In the savage world of nature, the ability to hear – and hear well – is a survival trait. Many animals rely on their keen sense of hearing to detect danger lurking in the savannah brush.
Some animals have hearing mechanisms like humans. Others hear with their entire bodies. And although many animals have very sophisticated acute hearing for survival reasons, a recent study demonstrated humans actually can distinguish between pitch better than other animals.
Auditory Neurons and Human Hearing
Sound signals are delivered to the brain in the form of electrical impulses. Nerve fibers carry these electrical signals to neurons in the human brain. (Stay with me.) In the brain, neurons process the sound – determine its source, its location and its threat level in a split second.
Researchers conducting studies at the Hebrew University’s (Jerusalem) Weizmann Institute for Science demonstrated that a single human neuron has more “discretion” in determining the frequency of a sound than other animals.
Visit an orchestral performance and you’ll immediately understand sound frequency. Instruments like the piccolo produce a high-frequency sound while an oboe produces a low-frequency sound. Not too hard, right?
Well, in a report in the professional journal, Nature, Dr. Itzhak Fried, a professor of neurosurgery and the Director of the Institute’s epilepsy surgery programs, describes his team’s research in humans and determined that a single auditory neuron (brain cell) “exhibits an amazing selectivity to a narrow sound frequency range, roughly down to one-tenth of an octave” – an octave being the "do-re-mi" we all learn as kids. In other words, that single brain cell is able to distinguish between high and low frequencies with more accuracy than the hearing neurons of other animals. (Take that, bears!)
“The results surprised the researchers. A single auditory neuron from humans showed an amazing sensitivity to distinguish between very subtle frequency differences, down to a tenth of an octave. This compared to a sensitivity of about one octave in the cat, about a third of an octave on average in rats, and half to one octave in the macaque.”
“This is remarkable selectivity,” said Fried, who is also the co-director of UCLA’s Seizure Disorder Center. “It is indeed a mystery why such resolution [hearing ability] in humans came to be. Why did we develop this? Such selectivity is not needed for speech comprehension, but it may have a role in musical skill. The three percent frequency differences that can be detected by single neurons may explain the fact that even musically untrained people can detect such frequency differences.
There is also evidence that frequency discrimination in humans correlates with various cognitive skills, including working memory and the capability to learn, but more research is needed to clarify this puzzle.”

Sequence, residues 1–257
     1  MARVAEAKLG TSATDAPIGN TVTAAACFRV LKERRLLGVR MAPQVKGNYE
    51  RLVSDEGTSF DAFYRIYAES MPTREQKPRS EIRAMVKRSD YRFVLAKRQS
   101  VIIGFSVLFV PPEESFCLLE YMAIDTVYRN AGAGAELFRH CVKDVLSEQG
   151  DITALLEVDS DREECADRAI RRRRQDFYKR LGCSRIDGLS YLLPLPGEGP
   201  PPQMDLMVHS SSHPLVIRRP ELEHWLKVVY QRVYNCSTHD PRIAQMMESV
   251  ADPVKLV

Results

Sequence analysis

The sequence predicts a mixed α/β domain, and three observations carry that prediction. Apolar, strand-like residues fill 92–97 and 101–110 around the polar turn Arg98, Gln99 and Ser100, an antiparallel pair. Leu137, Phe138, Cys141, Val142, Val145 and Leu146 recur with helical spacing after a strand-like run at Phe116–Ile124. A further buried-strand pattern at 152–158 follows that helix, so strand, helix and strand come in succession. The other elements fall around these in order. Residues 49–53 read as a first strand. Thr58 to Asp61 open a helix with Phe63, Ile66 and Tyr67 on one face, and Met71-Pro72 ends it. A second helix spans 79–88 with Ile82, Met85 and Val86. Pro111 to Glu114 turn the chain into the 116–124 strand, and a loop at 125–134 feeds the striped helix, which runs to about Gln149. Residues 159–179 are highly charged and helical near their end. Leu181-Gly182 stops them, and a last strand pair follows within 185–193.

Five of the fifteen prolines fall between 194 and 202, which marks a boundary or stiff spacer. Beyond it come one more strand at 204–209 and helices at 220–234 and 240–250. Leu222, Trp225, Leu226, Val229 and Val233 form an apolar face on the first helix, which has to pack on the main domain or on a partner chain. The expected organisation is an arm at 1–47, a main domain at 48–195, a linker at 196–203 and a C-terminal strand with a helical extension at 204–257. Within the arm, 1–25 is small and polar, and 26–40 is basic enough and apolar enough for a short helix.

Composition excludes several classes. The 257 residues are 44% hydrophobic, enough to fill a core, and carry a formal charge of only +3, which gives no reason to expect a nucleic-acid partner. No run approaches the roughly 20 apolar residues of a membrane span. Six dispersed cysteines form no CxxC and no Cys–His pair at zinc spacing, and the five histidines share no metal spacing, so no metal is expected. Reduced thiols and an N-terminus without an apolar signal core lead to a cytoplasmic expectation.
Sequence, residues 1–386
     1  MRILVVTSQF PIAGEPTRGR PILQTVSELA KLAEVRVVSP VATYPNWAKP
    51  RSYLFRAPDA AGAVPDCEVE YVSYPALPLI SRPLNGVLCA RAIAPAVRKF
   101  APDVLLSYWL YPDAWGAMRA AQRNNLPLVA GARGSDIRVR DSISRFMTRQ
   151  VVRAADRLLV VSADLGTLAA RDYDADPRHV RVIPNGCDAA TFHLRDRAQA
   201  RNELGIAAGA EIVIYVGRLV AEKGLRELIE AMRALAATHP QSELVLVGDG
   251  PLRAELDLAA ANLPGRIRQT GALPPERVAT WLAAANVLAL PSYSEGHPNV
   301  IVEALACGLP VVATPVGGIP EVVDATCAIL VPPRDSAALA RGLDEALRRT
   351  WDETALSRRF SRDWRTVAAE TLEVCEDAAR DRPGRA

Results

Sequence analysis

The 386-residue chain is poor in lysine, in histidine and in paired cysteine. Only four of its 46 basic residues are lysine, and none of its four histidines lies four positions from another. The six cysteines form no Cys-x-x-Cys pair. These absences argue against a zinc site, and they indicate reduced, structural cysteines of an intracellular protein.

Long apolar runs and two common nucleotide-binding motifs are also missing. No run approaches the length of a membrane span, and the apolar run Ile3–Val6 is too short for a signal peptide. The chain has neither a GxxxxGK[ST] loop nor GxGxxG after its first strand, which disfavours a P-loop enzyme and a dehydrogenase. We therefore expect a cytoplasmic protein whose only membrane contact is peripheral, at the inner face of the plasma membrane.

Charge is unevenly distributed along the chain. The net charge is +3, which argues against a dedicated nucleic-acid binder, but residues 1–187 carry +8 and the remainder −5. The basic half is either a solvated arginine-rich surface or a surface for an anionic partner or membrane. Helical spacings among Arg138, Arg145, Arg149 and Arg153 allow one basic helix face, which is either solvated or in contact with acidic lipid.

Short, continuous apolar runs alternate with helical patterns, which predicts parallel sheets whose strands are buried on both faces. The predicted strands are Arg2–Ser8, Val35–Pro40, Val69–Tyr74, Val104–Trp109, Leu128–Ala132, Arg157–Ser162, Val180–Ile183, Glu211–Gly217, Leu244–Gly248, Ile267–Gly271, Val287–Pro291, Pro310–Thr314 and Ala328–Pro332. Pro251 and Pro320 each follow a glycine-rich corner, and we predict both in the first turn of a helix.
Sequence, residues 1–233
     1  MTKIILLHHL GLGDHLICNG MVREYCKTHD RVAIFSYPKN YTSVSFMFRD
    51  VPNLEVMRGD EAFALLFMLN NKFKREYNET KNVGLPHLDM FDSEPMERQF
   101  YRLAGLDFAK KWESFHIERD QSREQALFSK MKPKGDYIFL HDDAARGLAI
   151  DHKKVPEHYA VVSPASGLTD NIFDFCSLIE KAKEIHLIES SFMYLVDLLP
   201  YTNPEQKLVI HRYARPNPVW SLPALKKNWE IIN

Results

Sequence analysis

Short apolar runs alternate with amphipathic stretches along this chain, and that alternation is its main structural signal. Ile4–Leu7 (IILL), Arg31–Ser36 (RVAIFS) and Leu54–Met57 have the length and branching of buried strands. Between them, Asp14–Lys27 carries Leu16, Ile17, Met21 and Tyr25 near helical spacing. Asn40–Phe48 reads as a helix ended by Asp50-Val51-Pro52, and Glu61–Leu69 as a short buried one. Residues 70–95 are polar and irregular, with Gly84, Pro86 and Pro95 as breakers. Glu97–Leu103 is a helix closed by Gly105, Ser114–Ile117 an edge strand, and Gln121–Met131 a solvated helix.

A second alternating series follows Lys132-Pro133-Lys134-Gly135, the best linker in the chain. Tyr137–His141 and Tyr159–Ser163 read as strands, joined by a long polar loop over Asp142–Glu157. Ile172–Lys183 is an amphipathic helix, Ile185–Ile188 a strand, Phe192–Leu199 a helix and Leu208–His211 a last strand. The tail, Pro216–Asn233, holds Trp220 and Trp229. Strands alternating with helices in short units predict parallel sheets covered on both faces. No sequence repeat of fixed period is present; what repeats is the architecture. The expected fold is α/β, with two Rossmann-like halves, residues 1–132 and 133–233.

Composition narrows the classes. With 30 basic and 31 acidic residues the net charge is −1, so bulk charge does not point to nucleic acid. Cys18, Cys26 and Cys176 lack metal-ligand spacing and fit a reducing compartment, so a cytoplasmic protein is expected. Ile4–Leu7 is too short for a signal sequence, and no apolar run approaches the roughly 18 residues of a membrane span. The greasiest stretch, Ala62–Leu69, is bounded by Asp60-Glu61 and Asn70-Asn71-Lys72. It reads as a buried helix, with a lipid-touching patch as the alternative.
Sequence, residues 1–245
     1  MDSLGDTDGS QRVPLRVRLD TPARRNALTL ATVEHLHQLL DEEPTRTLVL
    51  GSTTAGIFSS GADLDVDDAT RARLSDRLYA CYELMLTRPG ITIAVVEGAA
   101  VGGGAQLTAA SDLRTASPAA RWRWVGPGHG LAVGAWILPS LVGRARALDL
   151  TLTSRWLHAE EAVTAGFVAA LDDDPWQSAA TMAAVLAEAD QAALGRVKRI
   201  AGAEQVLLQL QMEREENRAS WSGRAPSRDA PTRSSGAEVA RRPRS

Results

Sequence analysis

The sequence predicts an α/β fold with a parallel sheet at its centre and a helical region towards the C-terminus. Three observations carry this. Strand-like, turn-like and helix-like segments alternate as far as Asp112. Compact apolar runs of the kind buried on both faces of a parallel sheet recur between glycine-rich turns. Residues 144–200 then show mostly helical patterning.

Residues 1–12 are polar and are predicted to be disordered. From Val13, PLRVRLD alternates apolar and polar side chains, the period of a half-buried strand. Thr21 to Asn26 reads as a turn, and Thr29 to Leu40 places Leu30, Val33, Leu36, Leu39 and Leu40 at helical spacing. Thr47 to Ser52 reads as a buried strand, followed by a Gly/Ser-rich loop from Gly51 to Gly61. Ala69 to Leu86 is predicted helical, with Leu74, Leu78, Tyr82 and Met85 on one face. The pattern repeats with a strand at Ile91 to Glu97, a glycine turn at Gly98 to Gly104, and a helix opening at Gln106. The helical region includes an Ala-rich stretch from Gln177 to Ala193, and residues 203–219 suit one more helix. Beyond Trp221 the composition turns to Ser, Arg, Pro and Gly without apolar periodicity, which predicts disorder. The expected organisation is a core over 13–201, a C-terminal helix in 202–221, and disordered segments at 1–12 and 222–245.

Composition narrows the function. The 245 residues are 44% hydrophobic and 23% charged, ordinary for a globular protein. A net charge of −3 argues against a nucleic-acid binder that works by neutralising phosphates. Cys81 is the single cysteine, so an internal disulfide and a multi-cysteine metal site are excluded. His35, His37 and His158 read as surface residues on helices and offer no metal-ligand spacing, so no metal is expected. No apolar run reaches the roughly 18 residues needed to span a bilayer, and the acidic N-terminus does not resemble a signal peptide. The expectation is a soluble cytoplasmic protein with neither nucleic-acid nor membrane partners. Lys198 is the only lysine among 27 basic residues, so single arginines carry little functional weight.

The Amazing Auditory Neuron
|3-D Image of a Human Neuron|
The ability of a single auditory brain cell to multi-task also came as quite a surprise to researchers and hearing professionals. Patients were exposed to both artificial and real world sounds, including the sound track from the movie The Good, the Bad and The Ugly. Test subjects were also exposed to routine background noise. Researchers, tracking the activity of the brain cells tasked with interpreting sound “exhibited complex activity patterns, which could not be explained based solely on the frequency selectivity of the same neurons. This phenomenon has been shown in animal studies but never before in humans.”
So, each hearing brain cell can adapt instantly to pick up high or low frequencies, though researchers still don’t understand why humans would develop this remarkable skill. However, one researcher did point out that humans do create music that might be related to our ability to discern a variety of frequencies from all those hearing cells in out brains.
Indeed, the brain is a remarkable machine and today, we’re just beginning to learn its capabilities.
In regards to how well we hear other animals still have us beat on acuteness and range of hearing. For example, the deer has more acute hearing than humans meaning they can hear much softer sounds than the human auditory system can. This acute hearing protects them from dangers that may be feet or yards away.
However, humans have a greater ability to distinguish high and low frequencies from a single brain cell than other animals – and by a significant margin. But as with all good science, this research brings up more questions than it answers.
Why do humans have this ability? What purpose does it serve? It’s not needed for speech recognition according to studies so what, in our distant past, enabled us to hear a full range of frequencies with a single brain cell better than other animals.
And, since music has been a part of humanity for millennia, it’s fair to assume that this ability to distinguish frequencies has been a part of the human anatomy for a long, long time.
Further studies can now be undertaken to examine the range of hearing a single auditory neuron is capable of processing which, in turn, may lead to a better understanding of how the human brain functions in respects to hearing and pitch perception..